Although the townhomes will have small lawns, it appears there will be less public green space in the future than is currently featured at Bland, and those open spaces are currently slated to be clustered at the northwest quadrant of the property, with none in the sections facing Parker-Gray and the Inner City.

Because of project economics, EYA has stated there will not be underground parking as there was at Chatham Square. This is disappointing, but readers will remember that we were told repeatedly in the Braddock Road Metro planning process that building underground parking is costly. Since the Bland redevelopment must not only pay for itself but bootstrap the Glebe Park redevelopment in Arlandria, it appears this is where ARHA and EYA will economize.

Townhome owners will have off-site ground-level parking but the multi-family structures will wrap around four-story garages that we are told will be designed to be invisible from the street.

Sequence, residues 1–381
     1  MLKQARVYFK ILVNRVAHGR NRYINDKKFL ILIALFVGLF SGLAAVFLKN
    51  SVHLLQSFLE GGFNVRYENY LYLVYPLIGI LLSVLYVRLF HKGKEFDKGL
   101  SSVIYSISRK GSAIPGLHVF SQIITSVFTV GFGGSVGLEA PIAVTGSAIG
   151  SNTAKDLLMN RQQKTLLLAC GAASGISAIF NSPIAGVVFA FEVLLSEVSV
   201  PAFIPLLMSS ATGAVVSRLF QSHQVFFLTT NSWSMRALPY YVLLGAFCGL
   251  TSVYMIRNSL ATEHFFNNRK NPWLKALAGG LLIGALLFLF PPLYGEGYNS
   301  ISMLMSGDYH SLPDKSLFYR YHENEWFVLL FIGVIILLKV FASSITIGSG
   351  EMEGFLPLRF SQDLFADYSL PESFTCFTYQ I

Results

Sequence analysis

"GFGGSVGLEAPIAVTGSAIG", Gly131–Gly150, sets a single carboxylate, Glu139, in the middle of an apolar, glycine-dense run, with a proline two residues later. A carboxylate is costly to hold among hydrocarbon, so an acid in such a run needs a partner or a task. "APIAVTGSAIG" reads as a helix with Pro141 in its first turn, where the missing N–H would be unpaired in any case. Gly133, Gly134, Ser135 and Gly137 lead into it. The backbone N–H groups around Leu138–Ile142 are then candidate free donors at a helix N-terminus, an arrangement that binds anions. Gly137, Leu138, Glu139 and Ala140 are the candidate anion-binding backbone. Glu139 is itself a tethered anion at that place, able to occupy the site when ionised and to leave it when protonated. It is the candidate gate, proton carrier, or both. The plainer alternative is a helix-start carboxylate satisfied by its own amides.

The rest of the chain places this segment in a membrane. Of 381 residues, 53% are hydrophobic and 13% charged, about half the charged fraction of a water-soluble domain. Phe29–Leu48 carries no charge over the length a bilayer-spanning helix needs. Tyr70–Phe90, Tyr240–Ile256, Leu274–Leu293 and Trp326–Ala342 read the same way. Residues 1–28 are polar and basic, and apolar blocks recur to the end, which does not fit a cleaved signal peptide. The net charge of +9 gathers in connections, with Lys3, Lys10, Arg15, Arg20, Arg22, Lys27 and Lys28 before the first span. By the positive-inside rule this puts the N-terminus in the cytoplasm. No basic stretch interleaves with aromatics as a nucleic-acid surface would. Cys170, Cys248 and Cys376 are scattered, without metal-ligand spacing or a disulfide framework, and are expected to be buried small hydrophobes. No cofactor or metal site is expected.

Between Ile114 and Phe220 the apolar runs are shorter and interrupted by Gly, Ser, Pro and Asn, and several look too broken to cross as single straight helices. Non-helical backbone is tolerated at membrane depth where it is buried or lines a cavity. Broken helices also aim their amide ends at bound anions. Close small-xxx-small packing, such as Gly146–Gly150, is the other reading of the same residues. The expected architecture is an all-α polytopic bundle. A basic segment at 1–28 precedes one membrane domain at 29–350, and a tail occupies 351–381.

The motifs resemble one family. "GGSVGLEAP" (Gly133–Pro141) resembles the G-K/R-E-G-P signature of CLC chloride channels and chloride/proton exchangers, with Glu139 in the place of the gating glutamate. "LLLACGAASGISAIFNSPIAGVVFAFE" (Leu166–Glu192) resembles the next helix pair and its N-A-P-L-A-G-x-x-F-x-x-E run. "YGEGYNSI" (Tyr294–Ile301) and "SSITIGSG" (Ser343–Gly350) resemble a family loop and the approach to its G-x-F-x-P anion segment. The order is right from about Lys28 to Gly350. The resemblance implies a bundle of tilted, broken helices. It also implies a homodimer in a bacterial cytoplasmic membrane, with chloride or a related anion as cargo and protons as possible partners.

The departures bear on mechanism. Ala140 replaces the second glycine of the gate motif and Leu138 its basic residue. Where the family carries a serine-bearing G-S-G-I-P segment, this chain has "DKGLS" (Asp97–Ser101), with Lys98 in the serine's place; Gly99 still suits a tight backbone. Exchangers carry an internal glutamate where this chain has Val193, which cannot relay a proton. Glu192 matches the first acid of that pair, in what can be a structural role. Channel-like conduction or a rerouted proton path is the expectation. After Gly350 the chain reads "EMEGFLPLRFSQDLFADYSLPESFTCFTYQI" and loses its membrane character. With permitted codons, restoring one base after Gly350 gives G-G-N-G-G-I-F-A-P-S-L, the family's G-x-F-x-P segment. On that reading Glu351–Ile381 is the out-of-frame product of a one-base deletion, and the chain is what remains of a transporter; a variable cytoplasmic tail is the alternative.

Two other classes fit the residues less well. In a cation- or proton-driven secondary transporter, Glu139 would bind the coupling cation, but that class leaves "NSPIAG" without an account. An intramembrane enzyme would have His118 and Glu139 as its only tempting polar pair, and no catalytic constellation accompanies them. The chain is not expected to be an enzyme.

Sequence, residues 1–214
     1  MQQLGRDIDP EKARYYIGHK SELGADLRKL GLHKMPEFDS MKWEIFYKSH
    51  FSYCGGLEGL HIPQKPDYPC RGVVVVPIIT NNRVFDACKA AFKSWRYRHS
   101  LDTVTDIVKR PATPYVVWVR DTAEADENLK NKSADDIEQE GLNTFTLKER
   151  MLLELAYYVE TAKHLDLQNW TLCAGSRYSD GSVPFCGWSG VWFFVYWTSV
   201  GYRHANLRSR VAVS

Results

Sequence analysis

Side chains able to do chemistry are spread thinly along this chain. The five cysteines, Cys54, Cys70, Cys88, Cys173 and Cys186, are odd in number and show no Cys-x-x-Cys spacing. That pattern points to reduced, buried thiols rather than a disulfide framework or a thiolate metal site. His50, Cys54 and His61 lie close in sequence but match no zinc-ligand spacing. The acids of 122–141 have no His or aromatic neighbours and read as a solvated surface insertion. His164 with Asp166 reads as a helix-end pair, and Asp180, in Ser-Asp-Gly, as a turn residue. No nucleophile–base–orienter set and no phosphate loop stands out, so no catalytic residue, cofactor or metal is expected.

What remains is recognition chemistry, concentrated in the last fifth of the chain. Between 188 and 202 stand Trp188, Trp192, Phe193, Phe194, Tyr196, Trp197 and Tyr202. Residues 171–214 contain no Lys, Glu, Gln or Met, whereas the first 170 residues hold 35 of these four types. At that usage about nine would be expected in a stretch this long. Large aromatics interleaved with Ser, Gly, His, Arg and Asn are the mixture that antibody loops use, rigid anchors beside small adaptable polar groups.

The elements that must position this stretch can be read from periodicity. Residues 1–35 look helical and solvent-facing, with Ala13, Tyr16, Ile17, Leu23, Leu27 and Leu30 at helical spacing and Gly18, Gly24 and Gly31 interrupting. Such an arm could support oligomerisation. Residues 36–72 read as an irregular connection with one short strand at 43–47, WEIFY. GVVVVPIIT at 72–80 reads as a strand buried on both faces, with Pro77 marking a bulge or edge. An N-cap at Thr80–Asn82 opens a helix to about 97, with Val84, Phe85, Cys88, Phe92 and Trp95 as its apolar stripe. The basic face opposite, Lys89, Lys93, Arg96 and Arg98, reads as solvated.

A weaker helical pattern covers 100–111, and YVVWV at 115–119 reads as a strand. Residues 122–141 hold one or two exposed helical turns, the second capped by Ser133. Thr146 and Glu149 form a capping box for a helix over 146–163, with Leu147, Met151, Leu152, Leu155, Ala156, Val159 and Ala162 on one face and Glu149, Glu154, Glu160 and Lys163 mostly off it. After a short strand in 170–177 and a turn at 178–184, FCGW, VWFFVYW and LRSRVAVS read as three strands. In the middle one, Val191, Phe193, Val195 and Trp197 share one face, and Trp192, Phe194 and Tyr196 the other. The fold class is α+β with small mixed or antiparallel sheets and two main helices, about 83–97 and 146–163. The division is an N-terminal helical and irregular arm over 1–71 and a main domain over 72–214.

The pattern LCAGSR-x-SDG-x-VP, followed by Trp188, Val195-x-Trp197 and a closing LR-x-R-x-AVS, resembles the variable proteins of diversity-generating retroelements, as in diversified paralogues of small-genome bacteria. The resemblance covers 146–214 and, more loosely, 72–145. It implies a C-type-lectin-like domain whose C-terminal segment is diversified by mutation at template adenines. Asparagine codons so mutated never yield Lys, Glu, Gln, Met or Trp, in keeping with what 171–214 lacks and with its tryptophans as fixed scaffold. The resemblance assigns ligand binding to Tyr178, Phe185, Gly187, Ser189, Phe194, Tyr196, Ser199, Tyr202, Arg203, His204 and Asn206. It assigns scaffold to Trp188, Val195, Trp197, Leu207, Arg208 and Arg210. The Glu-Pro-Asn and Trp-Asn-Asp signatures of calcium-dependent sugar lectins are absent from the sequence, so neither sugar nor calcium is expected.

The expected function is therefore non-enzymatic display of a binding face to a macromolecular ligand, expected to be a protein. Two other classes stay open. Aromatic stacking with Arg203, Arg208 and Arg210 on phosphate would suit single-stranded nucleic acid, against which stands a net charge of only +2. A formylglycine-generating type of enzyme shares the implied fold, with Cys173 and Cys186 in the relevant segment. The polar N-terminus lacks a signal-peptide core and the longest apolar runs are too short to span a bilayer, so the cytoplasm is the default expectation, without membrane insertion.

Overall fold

ARHA units in the multi-family buildings will be mixed with market-rate units on the first and second floors. Addressing ARHA's oft-stated concerns about elevators, EYA is proposing that residents (including those with disabilities) will be able to access their units directly from ground level or by going up a single flight of stairs. There will be no long, shared corridors, which create maintenance issues for ARHA (and, the Growler suspects, raise safety concerns as well). Market-rate unit owners on the top two floors will be able to access their units from the garage and shared corridors.

EYA is proposing a full complement of parking for the market rate units, undoubtedly to make them more competitive. But the developer will also be making a request for parking reduction for the public housing units, based on surveys and other City data that show fewer of these residents own cars and need parking.